Since From The Ashes is a platformer, I felt it was important from the beginning that the player learned by doing, not from reading. Fundamentally, platformers are a high-action genre and appeal to players who want to do cool things in games, not simply read about them. Therefore, I decided to have the player character's brother show him the ropes in everything to do with being a scout. Before each new activity, he briefly tells the player what they are going to do, how to do it and then proceeds to do it. In addition to being a quick way of teaching players, it is fun to watch someone else maneuvering through the level.
What Went Well
Clear player experience goals: From the beginning I had a clear idea in my head of how I wanted players to move through the level and how mechanically intensive various tasks should be.
Team dynamics: Because all of our members had worked with each other in the past without problems, there were no social politic issues to deal with.
Reacting to player feedback: The more mechanically intensive a game is, the worse developers are in determining how accessible the game is. It was important for me to get a lot of feedback and understand the core reasons behind criticisms. I was able to get the feedback and respond to it constructively, resulting in a final product with smoother controls and physics.
What Went Wrong
Mismanaged pre-production time: We set aside a substantial amount of time for pre-production in the hopes that once we started production it would make the process smoother. Unfortunately, we spent too much time on things that ultimately had a minor impact on the player experience. Since we only had time for a single level, we ended up creating a lot of story and characters who never made it into the game.
Poor communication with art: Because our team members have worked together in the past, we found that we didn't need to constantly talk to each other in order to get work done. However, this meant that I was often out of the loop on progress, especially with regards to art assets. I didn't know when things would come in and whether they would have proper collision and so on. I only realized too late how overscoped my design was in terms of the art it required to be completed.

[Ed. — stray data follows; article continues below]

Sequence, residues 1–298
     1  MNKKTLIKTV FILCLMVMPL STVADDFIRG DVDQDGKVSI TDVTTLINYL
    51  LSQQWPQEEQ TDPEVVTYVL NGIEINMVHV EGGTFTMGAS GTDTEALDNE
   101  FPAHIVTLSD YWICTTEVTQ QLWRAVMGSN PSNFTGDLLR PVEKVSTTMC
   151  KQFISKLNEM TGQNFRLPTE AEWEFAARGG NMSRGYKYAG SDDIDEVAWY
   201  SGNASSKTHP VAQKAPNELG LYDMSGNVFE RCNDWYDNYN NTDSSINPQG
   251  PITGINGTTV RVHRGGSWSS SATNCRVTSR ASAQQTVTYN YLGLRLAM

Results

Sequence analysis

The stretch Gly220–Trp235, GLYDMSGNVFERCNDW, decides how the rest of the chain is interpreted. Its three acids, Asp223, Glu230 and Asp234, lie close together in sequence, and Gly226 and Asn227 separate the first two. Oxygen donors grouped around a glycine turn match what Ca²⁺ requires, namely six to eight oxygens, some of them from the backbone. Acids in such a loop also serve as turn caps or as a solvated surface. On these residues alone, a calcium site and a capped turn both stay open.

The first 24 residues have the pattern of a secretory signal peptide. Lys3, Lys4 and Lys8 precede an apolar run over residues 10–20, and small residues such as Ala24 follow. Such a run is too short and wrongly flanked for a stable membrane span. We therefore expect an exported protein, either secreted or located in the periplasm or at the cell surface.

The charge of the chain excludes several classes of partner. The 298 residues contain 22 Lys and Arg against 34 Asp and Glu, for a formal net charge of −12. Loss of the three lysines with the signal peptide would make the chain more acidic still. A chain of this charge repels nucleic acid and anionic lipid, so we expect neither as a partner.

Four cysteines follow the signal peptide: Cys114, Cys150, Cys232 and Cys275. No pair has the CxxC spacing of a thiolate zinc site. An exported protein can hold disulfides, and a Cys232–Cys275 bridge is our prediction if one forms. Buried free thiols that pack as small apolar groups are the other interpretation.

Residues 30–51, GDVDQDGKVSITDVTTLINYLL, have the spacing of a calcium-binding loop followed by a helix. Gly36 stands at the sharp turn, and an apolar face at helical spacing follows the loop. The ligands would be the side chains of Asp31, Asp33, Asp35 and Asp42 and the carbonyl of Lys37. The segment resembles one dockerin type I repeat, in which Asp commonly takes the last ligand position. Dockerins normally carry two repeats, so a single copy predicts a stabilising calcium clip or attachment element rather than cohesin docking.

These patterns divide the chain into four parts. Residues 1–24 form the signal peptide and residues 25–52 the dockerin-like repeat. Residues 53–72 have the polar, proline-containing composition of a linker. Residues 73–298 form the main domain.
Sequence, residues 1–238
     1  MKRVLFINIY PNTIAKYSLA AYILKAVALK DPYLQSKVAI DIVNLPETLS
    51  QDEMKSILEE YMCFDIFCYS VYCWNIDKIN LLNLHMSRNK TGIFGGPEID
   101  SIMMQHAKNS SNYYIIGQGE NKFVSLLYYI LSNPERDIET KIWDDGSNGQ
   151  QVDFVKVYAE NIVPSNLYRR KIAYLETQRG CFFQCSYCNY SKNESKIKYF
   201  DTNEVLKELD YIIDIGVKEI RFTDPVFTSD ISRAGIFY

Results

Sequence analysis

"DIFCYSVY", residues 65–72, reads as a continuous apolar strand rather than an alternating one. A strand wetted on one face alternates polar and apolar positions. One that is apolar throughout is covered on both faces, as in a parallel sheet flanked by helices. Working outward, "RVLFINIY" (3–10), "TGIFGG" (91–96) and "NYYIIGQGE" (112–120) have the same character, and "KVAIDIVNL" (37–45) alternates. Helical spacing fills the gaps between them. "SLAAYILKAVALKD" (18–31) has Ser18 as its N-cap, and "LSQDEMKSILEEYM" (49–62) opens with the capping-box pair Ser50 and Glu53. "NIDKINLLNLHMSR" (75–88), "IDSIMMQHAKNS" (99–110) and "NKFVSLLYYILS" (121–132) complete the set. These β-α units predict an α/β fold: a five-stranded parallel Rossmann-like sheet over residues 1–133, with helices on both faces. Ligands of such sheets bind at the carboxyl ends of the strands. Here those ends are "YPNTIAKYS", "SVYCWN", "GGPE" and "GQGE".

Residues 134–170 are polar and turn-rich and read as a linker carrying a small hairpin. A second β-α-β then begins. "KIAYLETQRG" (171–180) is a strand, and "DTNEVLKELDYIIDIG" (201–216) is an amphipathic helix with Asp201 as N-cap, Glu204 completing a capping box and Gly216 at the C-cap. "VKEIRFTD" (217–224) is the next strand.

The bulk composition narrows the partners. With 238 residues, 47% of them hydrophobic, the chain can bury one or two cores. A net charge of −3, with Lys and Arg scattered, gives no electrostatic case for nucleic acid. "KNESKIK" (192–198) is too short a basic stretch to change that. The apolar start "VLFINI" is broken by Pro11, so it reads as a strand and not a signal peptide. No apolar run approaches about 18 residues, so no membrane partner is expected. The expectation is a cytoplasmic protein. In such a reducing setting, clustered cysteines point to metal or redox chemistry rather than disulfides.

Late iteration on core systems: I spent most of the early development time documenting and building my level and testing gameplay motifs while I waited for the programmer to finish a first pass on mobility systems. However, I should have been more involved to save rework time as we added more acceleration to most of the systems.
What I Learned
Pre-Production time needs to be prioritized: Simply having Pre-Production doesn't entitle you to a better development cycle. It must be spent on what matters. If a game's story is only tangentially important to the overall experience, then most of the pre-production time shouldn't be spent on it.
Depth is irrelevant without accessibility: If a game is so difficult to get into that players give up in 15 minutes, then it simply doesn't matter how deep a game is. Depth is only important once players are invested and enjoying your game at a basic level. Therefore depth is not an acceptable replacement for accessibility to a game. A good game idea can always have both.
Keep tutorials simple: While most levels exist in a game to be fun, tutorials have a more functional purpose to them. In order for tutorials to teach players as effectively as possible. they should be simple. Save more complex and interesting level motifs for later levels. If the game is fundamentally fun, then players shouldn't get bored in a quick, simple tutorial.